The Tension Between Expediency and Rigor

2011Symposium_1_2Realizing that the world isn’t perfect, and that music directors sometimes do things they feel they have to do but don’t really want to do, I thought it would be useful to explore the tension that often exists between expedient and rigorous. First, I should define my terms. Expedient is training an ensemble to play the right notes, dynamics, tempi, and articulations as accurately as possible in the shortest amount of time possible. Expedient training typically involves drill and rote teaching, is teacher centered, and leaves all of the interpretive and technical decisions to the teacher. Music teachers resort to this type of teaching when there is a performance looming, and too little time to prepare students by any other way. Rigor is teaching an ensemble to play the right notes, dynamics, tempi, and articulations as expressively as possible, which still requires accuracy, but the accuracy is gained through student centered instruction, leaving much of the interpretive decisions to the student, and allowing the student to solve technical problems to the greatest extent possible after teaching them practice and evaluation strategies.

This is a more time consuming approach, but one that results in a more meaningful music experience for the student. Students use teacher-provided and collaboratively developed criteria, and later personally developed criteria, to evaluate their own interpretation, technical skill, originality, emotional impact, and interest to refine a performance until it is ready to present publicly. Notice how far beyond accurate notes, dynamics and articulations this goes. When students are playing music just the way they are told to play it, personal meaning and expression are absent until the performance is fully prepared at which time there may be an emotional consensus on the effectiveness of the director’s interpretation. Through director centered rehearsals, visceral satisfaction and interaction with the music is rare or missing, because the investment of personal feelings is left out. When students are not actively involved in the evaluation and refining, all that is left is rehearsing, which alone is essentially rote learning or drill, neither of which builds musicianship.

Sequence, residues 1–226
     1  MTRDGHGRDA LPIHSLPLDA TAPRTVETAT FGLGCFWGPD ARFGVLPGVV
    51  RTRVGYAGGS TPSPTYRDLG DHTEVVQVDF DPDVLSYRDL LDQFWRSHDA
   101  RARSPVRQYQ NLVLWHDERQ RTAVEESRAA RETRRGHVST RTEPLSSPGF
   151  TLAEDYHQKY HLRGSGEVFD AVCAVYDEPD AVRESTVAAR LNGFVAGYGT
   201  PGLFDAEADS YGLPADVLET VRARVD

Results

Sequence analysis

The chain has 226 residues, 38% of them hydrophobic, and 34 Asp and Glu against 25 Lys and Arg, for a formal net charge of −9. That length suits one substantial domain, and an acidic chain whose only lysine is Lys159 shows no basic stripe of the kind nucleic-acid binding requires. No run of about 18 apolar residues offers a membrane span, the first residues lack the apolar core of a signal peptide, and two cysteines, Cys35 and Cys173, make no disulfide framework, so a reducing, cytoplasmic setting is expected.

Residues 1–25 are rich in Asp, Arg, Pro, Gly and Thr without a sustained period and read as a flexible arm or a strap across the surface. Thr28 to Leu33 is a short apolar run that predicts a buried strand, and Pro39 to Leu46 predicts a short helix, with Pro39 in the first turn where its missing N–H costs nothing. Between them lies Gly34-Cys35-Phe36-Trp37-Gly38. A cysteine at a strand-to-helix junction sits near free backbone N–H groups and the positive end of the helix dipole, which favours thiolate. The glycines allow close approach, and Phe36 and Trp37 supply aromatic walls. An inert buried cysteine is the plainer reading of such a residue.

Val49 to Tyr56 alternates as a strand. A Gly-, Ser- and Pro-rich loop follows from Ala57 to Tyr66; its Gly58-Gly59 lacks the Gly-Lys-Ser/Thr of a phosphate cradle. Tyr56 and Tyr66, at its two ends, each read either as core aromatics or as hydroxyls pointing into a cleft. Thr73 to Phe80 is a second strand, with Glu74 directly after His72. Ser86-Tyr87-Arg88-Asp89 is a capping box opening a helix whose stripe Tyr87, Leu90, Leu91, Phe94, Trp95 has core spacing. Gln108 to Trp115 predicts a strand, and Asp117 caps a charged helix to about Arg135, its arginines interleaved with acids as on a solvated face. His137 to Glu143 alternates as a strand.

Rehearsal should be the means to refining accuracy and interpretation, but both must first be conceived, developed, music and the brainand even practiced before they can be refined in rehearsal. Accuracy is born not only out of practice, but out of recognizing where challenges lie, and finding motivation in taking them on, equipped with a plan and strategies learned from good teaching. While accuracy can be practiced individually, interpretation must ultimately be executed corporately in an ensemble. Discussing, exploring, and trying multiple interpretations with the ensemble involves students in meta-cognitive activity that is essential for instructional depth in music performance education. It is, I believe, no accident that “interpret” precedes “rehearse” in the core arts standards for music. Interpretation requires intent and expression. Where interpretation is added on after notes, rhythms, articulations and tempi are mastered, the point of musical activity is lost. Put another way, pitches, rhythms, articulations and tempi are means to an expressive end, not the other way around. The point is not to learn the notes, but to express intent with notes. Observe the enduring understanding for rehearse, evaluate and refine performance: “To express their musical ideas, musicians analyze, evaluate, and refine their performances, individually or in collaboration with others.” The first phrase states the purpose of musical performance, that is, to express musical ideas. Students engage in analysis, evaluation and refinement individually when they practice, and in collaboration with others when they are in their ensemble setting. Being told how to play every note and nuance is not collaboration and is not what the writers of the standards intended. Collaboration involves taking ideas from many and creating something where the whole is greater than the sum of its parts, because all benefited from each contribution of a part.

There is a tension between knowing this is how it should be, and knowing that there is not time to start doing all of these things. But there is eventually a return on every good investment. Students who become capable of being independent learners and interpreters of music, what Shaw had Henry Higgins call “a tower of strength” in Pygmailion do not need as much supervised drill, because they are capable of evaluating, refining and overcoming challenges in the text, and defects in the performance much more independently and therefore more quickly and efficiently, than students who must totally rely on their director for everything. This investment must be made at times of the year when there is time to make, or else every director must make time to do so. We must do this because we are not music trainers, we are music educators, which is a much higher calling.

 

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